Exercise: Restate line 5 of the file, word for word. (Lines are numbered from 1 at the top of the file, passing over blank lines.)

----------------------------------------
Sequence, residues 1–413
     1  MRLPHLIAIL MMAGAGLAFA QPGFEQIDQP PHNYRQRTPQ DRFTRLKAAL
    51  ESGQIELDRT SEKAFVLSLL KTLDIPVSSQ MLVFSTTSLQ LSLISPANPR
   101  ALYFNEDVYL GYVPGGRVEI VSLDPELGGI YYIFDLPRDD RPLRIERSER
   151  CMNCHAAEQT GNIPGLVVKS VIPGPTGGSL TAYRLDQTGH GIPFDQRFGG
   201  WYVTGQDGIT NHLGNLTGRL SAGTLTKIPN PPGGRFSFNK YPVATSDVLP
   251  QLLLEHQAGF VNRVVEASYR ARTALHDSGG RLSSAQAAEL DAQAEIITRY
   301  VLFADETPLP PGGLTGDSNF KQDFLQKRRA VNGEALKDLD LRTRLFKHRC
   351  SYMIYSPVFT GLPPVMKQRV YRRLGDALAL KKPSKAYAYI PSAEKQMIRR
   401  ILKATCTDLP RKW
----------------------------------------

   151  CMNCHAAEQT GNIPGLVVKS VIPGPTGGSL TAYRLDQTGH GIPFDQRFGG